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A 74-year-old man with bronchial carcinoma comes to the clinic for review. He is seeing the oncologists soon for radiotherapy, but is concerned as his walking has deteriorated markedly over the past three weeks, with poor co-ordination, and frequent falls. Examination in the clinic reveals an ataxic gait with bilateral cerebellar signs on upper limb assessment.
Which of the following autoantibodies is most likely to be found in this patient?
Key Learning Point
Cerebellar degeneration is a well recognised paraneoplastic syndrome, and is associated with number of malignancies.
The answer is Anti-Hu. Anti-Hu, anti-Yo, anti-Ri and anti-Tr antibodies are all associated with paraneoplastic cerebellar degeneration. Anti-Hu and Ri antibodies are associated with small cell lung cancer, Yo antibodies are associated with breast and gynaecological cancers, and Tr antibodies are associated with Hodgkin's lymphoma. Treatment of the underlying tumour reduces autoantibody formation, and may improve symptoms.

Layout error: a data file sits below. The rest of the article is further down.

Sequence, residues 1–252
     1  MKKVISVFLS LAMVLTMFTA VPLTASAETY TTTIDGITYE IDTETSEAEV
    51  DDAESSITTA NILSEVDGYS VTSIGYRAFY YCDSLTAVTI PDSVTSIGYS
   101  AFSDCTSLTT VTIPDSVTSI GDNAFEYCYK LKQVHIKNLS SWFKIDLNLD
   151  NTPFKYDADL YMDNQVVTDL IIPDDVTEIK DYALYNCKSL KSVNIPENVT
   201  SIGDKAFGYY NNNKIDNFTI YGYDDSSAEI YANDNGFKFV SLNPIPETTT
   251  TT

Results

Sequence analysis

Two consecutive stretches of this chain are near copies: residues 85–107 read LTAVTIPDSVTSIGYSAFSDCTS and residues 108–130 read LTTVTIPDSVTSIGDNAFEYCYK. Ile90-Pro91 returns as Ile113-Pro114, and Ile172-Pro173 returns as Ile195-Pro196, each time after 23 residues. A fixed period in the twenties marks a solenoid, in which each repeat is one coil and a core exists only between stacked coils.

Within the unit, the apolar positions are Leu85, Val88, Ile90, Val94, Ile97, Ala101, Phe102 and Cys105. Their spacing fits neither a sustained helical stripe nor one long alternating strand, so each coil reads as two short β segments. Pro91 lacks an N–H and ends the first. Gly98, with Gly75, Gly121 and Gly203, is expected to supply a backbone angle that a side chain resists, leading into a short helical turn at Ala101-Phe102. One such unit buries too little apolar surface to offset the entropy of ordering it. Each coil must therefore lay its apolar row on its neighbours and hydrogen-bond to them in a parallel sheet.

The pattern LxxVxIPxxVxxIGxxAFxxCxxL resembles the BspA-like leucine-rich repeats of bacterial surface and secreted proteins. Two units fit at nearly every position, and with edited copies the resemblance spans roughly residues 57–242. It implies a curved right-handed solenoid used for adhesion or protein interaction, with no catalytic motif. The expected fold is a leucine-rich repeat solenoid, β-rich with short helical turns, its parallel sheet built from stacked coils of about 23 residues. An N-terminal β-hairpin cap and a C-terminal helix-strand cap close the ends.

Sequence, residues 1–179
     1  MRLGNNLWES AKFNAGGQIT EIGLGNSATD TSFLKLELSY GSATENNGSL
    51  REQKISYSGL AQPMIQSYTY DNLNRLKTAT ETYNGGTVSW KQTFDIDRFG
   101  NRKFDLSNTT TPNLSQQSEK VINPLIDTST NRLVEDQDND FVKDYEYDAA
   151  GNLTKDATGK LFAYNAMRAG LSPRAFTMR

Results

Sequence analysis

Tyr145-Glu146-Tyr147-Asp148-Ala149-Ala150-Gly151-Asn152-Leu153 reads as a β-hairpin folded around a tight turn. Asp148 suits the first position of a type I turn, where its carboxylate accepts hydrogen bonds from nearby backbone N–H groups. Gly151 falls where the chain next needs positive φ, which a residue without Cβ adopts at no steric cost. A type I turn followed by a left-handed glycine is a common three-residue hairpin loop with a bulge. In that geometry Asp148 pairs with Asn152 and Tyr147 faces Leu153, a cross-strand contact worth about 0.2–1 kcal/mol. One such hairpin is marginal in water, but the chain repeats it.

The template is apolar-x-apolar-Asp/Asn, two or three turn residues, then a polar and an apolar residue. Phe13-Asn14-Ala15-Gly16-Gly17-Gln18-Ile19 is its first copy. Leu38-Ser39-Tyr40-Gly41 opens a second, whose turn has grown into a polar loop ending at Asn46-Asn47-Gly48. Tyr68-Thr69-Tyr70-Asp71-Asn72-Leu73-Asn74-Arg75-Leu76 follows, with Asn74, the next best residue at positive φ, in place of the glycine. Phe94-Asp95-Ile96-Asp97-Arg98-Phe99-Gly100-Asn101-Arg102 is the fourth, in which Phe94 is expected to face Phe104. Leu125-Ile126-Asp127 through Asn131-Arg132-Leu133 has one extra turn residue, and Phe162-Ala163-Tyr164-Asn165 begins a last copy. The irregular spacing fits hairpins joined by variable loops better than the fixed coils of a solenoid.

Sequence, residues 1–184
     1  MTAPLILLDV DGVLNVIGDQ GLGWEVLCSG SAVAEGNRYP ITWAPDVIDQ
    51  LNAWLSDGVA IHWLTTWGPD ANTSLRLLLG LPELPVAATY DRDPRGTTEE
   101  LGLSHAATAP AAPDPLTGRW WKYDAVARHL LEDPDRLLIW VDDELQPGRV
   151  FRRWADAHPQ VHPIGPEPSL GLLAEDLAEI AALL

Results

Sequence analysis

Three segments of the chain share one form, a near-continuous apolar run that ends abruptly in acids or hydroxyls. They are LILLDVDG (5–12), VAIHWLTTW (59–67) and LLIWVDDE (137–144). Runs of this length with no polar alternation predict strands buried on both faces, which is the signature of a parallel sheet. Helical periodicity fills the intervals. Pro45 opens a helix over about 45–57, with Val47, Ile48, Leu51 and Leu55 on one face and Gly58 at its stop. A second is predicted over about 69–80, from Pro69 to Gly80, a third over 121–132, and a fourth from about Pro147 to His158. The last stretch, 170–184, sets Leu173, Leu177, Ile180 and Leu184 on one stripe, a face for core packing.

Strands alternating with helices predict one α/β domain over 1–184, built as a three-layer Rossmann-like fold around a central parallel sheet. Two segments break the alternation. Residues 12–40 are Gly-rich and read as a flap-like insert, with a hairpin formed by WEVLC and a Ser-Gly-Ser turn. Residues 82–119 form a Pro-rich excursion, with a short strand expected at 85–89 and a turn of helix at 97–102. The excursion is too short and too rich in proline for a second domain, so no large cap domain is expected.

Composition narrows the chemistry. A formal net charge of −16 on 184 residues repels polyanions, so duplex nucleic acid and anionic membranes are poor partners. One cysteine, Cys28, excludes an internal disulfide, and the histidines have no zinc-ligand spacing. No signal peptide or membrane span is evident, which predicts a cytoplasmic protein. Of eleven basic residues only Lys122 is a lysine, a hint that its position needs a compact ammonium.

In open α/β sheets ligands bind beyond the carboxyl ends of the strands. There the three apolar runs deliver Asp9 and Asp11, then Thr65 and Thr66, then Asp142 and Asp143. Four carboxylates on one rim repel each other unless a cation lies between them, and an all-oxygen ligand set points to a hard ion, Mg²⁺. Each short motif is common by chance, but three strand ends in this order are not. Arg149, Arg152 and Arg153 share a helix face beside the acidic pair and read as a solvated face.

Anti-amphiphysin antibodies are associated with stiff person syndrome and encephalomyelitis, and are associated with breast and lung cancer. Anti-GABA (B) antibodies are seen in small cell lung cancer and are associated with seizures and limbic encephalitis. Anti-mGluR1 antibodies are seen in Hodgkin's lymphoma and are associated with cerebellar degeneration. Anti-VGCC antibodies are of course related to the Lambert-Eaton myasthenic syndrome.